Olly Gotel from Pace University presented work she has done with colleagues from around the world in a paper titled Distributing Responsibilities to Engineer Better Requirements: Leveraging Knowledge and Perspectives for Students to Learn a Key Skill. Olly started this talk by telling us that she had done something crazy with this project, and then went on to explain how they had essentially five different teams working on a project from five locations around the world. They were each supposed to write requirements for a software development competition, with requirements teaching and coaching help along the way from professors and experienced students. As she went on to describe the experience, many of us from industry chuckled with her out of empathy – her experience is so similar to our worlds today where the teams are distributed worldwide and chaos ensues!
There are a couple concepts from Olly’s course design that I think would be great to replicate in industry – either from a training perspective or project execution. The first one is related to creating competition to improve results. In past iterations of this learning experience, Olly explained they had issues with the students not understanding the value of producing quality requirements, which naturally resulted in poor results. So this time they had the teams compete with one another by creating the same deliverables and having the client choose which solution was best. As expected, the competition significantly increased the quality of their work products. We have done this with our training courses – introduced friendly competition through game playing and I’ve been pleased with the level of engagement. However I think there is something interesting to think about here with respect to injecting a different type of friendly competition into project execution in industry. Fundamentally the big turn-off to this idea in industry is that there are five times the costs to create the single project – so it’s a lot of throw-away work. But, if we think outside the box a bit, perhaps we can divide projects into chunks (or just use multiple projects) and have the requirements sub-teams compete on quality of specifications, requirements issue resolution speeds, project success rates, etc.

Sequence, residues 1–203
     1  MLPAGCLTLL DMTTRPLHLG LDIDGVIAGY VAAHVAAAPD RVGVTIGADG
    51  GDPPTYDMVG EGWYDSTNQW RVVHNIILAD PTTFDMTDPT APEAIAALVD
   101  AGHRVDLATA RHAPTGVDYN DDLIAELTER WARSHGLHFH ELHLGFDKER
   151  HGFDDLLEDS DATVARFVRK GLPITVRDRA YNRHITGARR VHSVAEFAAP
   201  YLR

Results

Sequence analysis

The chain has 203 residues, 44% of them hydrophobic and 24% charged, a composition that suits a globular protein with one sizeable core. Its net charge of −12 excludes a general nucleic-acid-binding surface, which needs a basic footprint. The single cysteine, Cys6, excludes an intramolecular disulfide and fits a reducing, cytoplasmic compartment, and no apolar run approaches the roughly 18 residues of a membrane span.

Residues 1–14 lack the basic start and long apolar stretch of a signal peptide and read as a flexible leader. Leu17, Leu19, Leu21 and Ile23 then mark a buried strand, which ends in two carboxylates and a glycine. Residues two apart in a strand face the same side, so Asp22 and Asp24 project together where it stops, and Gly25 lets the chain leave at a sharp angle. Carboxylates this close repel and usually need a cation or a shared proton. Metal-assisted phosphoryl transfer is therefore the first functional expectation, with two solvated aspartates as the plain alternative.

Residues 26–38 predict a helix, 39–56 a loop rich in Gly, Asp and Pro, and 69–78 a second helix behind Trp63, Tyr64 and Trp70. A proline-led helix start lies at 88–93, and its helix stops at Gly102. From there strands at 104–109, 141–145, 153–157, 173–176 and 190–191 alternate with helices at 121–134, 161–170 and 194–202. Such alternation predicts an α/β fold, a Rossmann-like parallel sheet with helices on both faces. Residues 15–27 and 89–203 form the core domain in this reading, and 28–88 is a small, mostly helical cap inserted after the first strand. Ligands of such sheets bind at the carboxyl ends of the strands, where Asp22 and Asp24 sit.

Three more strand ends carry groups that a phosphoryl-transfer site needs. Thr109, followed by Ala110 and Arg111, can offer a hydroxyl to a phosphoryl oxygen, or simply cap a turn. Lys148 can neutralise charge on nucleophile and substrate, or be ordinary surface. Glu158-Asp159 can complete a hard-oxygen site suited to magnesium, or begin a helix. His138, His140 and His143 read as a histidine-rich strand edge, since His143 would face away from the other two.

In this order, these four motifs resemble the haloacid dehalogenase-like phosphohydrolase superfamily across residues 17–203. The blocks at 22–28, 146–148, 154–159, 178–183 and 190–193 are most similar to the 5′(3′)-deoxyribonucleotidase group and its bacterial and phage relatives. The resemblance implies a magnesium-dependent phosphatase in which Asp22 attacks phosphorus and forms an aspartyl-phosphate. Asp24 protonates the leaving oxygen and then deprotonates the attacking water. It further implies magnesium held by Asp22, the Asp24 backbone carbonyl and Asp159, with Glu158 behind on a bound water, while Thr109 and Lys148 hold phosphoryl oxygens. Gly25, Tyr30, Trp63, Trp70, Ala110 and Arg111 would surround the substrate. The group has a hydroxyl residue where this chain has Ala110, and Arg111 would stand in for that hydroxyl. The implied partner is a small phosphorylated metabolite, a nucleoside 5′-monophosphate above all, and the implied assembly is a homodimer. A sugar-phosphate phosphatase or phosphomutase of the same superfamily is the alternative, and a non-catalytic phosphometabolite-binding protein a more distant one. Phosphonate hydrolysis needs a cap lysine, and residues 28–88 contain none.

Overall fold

In this course, they used an apprentice model with coaches who were students that had previously completed the requirements engineering classes. Now I think this is something that absolutely applies as-is! You can just have mentors who are more experienced people mentoring the more junior resources in requirements activities – ideally pairing them up on the same projects.